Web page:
Chennai, May 25
THE Rs 15-crore Aspire Learning Company Pvt Ltd has acquired 60 per cent equity in Scholars' League India Pvt Ltd.
In the next 18 months, Aspire-Scholars' League will set up 50 more centres in South, with 200 students across various programmes at each centre.
Mr K. Swaminathan, Director, Aspire Learning, while not disclosing the value of the acquisition, said that with this step, the company was moving up the value chain and will be catering to a new segment - the undergraduate and postgraduate students.
Scholars' League, he said, would gain expertise in scaling up and managing franchise operations.
Mr Neelesh Asati, CEO, Scholars' League, said that the company caters to training students for the common admission test (CAT) exams for business schools. The company,started in 2002, has four centres in Karnataka and five in Tamil Nadu.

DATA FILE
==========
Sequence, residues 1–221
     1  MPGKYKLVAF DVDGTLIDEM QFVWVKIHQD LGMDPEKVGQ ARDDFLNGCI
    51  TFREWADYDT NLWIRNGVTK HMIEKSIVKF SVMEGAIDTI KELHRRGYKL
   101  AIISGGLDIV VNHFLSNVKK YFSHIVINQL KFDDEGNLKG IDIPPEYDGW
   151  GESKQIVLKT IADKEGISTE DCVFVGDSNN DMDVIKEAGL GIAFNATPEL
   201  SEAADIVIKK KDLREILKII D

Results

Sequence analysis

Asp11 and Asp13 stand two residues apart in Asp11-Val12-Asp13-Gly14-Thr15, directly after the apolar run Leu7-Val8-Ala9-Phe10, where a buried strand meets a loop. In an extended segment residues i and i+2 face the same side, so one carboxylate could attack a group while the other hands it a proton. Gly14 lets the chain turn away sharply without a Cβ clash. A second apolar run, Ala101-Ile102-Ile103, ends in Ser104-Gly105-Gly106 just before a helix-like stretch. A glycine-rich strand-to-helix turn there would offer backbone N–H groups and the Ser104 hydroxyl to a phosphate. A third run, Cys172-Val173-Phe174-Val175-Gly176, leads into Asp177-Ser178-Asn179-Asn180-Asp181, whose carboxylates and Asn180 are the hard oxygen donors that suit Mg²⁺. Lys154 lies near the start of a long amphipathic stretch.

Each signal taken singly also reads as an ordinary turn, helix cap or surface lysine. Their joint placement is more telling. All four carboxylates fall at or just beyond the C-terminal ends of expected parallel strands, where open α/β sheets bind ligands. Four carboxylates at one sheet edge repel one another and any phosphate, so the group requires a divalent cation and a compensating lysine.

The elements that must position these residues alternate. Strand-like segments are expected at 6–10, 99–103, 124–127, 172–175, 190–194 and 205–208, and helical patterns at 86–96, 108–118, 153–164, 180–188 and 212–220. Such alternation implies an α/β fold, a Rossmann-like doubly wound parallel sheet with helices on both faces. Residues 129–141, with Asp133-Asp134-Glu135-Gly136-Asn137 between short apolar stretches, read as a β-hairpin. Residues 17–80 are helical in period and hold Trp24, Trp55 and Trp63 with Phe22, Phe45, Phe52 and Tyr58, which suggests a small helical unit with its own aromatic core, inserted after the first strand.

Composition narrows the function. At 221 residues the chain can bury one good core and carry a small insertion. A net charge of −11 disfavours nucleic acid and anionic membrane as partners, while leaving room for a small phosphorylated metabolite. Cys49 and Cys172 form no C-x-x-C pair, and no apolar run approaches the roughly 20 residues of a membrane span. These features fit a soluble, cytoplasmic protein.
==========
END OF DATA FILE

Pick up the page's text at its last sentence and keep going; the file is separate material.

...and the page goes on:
Scholars' League registered a turnover of Rs 60 lakh for the year ended March 2005. The company is targeting a turnover of Rs 4.2 crore next fiscal, he said.
The company's training modules would now be available at over 30 centres across the South by March 2006. The student base is expected to grow from 1,000 to 7,000, he said.
The company will also be offering new products such as training for the civil services exams as well as Graduate Record Examination (GRE) and Graduate Management Admission Test, he said.
Mr Asati said that the CAT training market is booming and estimated to be Rs 160 crore.
The GRE entrance training is estimated at Rs 80 crore.
Aspire Learning is a three-year old company training students for the various professional college entrance exams such as the joint entrance exam for the Indian Institute of Technology (IIT) IIT-JEE and the Tamil Nadu Professional Colleges Entrance Examination among others.
Mr Swaminathan said this market is estimated to be in the region of about Rs 3,000 crore.
He said that Aspire has 42 centres in South India and caters to over 30,000 students from Class 9 to 12.
Aspire also has a programme called Superkidz for kindergarten to Class 8 children.